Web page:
On December 1, 1955, a small, unassuming-looking African-American woman named Rosa Parks boarded a Cleveland Avenue bus in Montgomery, Alabama. She sat down amongst several white passengers, along with three other African-Americans, in the middle of the bus.
At a later stop, after Parks had settled into her seat, a white passenger boarded the full bus. By the then-current Montgomery laws, the black passengers were legally obligated to leave their seats and give them over to standing white passengers.
It seemed a routine situation as the white passenger made his way down the aisle. The bus driver, James F. Blake, left the driver's seat and moved imposingly up to the four black passengers. His intention was to get the black passengers to move to the back of the bus- basically, it was standard operating procedure. His words, as recalled by Rosa Parks, were: "Y'all better make it light on yourselves and let me have those seats."
While the other three black passengers obeyed Blake and moved on, Rosa Parks steadfastly refused to budge. Blake eventually contacted the local police and signed a warrant for her arrest.
Blake was later to recall: "I wasn't trying to do anything to that Parks woman except my job. She was in violation of the city codes, so what was I supposed to do? That damn bus was full and she wouldn't move back. I had my orders."
This incident is rightfully considered one of the linchpin moments in the history of the Civil Rights movement in the United States. The Rosa Parks incident sparked a year-long bus boycott in the city of Montgomery, led by Martin Luther King, Jr. The boycott ended one year later, after the federal court system finally declared the segregation of public buses to be unconstitutional.
(Image credit: rmhermen)
But there is more to the story than is generally known. Rosa Parks was well-prepared for her legendary showdown with the Montgomery bus lines. Parks, then 30, had taken a class at the local chapter of the NAACP on the art of passive resistance. In her own words, she was "tired of giving in." And, indeed, the 1955 encounter on the bus was not the first time she had tried to buck the system.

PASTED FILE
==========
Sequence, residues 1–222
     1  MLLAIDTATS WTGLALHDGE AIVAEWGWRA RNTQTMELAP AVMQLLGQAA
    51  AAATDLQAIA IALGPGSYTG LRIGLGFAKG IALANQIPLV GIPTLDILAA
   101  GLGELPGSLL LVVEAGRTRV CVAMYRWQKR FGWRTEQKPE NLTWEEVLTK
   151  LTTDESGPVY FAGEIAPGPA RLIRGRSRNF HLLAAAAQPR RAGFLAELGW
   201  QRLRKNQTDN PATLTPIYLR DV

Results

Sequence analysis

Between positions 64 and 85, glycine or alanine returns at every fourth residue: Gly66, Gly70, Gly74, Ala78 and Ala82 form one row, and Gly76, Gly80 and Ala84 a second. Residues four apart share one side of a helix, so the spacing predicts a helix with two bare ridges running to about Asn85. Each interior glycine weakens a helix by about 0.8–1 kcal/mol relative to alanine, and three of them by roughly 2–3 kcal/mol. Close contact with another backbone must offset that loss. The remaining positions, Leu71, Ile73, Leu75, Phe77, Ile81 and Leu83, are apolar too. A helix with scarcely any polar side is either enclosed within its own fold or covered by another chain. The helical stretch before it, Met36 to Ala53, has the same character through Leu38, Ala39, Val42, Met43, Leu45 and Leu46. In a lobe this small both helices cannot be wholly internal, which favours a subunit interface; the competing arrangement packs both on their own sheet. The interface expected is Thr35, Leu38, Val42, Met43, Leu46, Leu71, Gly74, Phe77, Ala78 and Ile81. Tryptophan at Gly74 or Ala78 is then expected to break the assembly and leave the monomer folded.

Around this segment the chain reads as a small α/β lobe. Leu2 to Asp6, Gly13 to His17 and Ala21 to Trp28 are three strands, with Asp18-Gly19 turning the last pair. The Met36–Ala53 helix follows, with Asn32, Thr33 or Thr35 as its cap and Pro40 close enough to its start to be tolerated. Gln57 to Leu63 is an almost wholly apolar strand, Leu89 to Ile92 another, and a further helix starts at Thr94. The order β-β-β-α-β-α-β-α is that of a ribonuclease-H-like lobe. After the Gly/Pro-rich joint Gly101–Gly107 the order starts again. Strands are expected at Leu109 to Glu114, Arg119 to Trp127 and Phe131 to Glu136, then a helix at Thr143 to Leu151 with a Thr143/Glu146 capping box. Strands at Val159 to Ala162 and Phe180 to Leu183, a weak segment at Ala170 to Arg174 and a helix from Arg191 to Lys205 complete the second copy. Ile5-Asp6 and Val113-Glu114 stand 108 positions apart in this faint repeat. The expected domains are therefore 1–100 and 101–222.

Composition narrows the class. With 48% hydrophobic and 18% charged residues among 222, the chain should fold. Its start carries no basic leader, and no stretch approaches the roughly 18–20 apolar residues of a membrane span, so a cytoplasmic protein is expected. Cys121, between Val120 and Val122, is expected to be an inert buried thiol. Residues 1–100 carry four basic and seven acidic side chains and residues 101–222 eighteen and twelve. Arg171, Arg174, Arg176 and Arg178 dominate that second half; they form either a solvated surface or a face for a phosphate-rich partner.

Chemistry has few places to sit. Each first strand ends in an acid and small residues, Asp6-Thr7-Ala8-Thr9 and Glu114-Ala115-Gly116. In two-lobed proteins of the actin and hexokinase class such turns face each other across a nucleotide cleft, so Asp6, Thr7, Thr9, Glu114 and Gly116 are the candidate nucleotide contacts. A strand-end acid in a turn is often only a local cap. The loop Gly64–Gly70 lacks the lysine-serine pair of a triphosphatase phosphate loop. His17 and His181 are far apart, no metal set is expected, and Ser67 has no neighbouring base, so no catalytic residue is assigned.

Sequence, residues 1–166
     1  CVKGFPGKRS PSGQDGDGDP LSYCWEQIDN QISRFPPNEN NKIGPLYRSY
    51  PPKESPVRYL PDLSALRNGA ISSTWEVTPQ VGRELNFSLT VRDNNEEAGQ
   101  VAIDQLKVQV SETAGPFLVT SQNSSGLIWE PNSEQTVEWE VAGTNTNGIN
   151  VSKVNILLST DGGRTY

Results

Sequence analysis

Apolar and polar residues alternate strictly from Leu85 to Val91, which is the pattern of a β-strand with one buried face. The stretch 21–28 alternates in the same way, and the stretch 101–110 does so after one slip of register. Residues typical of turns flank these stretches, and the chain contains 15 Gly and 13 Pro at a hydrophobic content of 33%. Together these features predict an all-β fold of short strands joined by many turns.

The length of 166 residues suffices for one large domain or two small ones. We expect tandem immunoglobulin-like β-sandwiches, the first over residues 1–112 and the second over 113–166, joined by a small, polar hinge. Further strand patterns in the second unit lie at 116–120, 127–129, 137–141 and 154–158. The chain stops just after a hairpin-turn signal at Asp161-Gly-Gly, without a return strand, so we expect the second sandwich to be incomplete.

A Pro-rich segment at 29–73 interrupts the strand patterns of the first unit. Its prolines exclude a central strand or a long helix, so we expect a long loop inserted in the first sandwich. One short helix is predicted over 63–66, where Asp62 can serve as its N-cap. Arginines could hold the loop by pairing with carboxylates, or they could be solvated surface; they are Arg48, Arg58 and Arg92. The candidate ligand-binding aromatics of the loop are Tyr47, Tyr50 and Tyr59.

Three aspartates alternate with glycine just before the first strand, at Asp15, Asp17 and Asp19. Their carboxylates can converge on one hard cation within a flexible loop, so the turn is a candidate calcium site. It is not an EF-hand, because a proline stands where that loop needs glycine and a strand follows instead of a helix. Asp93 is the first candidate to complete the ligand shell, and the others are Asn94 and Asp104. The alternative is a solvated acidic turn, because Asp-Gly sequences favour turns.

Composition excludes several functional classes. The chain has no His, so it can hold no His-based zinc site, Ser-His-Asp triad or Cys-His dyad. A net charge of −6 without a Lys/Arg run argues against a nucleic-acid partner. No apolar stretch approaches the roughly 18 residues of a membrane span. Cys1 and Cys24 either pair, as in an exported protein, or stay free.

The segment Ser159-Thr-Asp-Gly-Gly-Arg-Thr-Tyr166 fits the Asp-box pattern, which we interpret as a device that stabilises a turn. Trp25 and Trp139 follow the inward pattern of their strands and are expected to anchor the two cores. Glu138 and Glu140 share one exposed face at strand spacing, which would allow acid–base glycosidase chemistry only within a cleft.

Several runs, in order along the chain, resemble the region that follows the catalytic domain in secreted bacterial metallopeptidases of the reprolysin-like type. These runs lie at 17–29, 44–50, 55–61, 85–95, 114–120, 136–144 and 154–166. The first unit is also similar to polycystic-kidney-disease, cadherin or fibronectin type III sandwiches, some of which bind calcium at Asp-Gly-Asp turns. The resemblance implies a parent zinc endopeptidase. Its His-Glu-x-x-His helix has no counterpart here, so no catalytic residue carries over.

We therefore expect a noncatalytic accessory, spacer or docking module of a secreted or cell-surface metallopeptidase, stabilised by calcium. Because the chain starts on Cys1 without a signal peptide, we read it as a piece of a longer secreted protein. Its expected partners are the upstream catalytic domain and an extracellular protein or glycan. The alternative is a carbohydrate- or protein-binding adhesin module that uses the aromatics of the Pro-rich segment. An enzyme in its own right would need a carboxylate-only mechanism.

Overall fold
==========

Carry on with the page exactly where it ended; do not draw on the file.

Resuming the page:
In 1943, over a decade prior to her legendary resistance, Rosa Parks had boarded a local bus through the front door. At the time, this was forbidden behavior for an African-American. The bus driver insisted that Parks, who had already paid her fare, exit the bus and re-enter through the rear door.
As Parks recounted in her autobiography (My Story by Rosa Parks) when she didn't move quickly enough, the driver grabbed her sleeve to push her off the bus. She (intentionally) dropped her purse and sat down in the "whites only" section to pick it up.
According to Parks, the driver then motioned as if he was going to hit her. She then got off the bus, to stave off the potential violence. After she got out of the bus, the driver sped off before she had a chance to re-enter. (Some accounts say she tried to get back on, some say she just exited.)
In either case, the cruel behavior of the driver was not uncommon in Montgomery at the time. That night, Rosa Parks walked home in the rain. Who was the bus driver that night? James F. Blake.
After her incident with Blake, Parks made a vow to herself to never board a bus driven by him again. Many times over the next twelve years, she would deliberately not enter a bus if she saw that Blake was the driver. Inconvenient as it was, routinely, she would simply let a Blake-driven bus go by and wait for the next one.
It was on December 1, 1955, that she boarded a bus without paying attention to who the driver was. Yes, it was James Blake behind the wheel that night, the same driver ingrained in her mind from twelve years earlier. And when Blake told her to move to the back of the bus, it resurrected the memory of her nemesis and his cruel transgression. Only this time Rosa Parks stood her ground and refused to give in.
James F. Blake was to work for the same bus company for the next 19 years. He died of a heart attack in his Montgomery home at the age of 89 in 2002. Blake, it would seem, was a very ordinary man who happened to unwittingly play a key role in a very extraordinary incident in American history.
Rosa Parks was to eventually earn the title of the "First Lady of Civil Rights." She was eventually awarded the Presidential Medal of Freedom and the Congressional Gold Medal.
A brave and remarkable woman, Parks lived to the age of 92, dying in 2005. She was awarded a posthumous statue in the U.S. Capitol Rotunda. She was also granted the honor of "lying in honor" at the Capitol Rotunda, only the third private citizen to be so honored.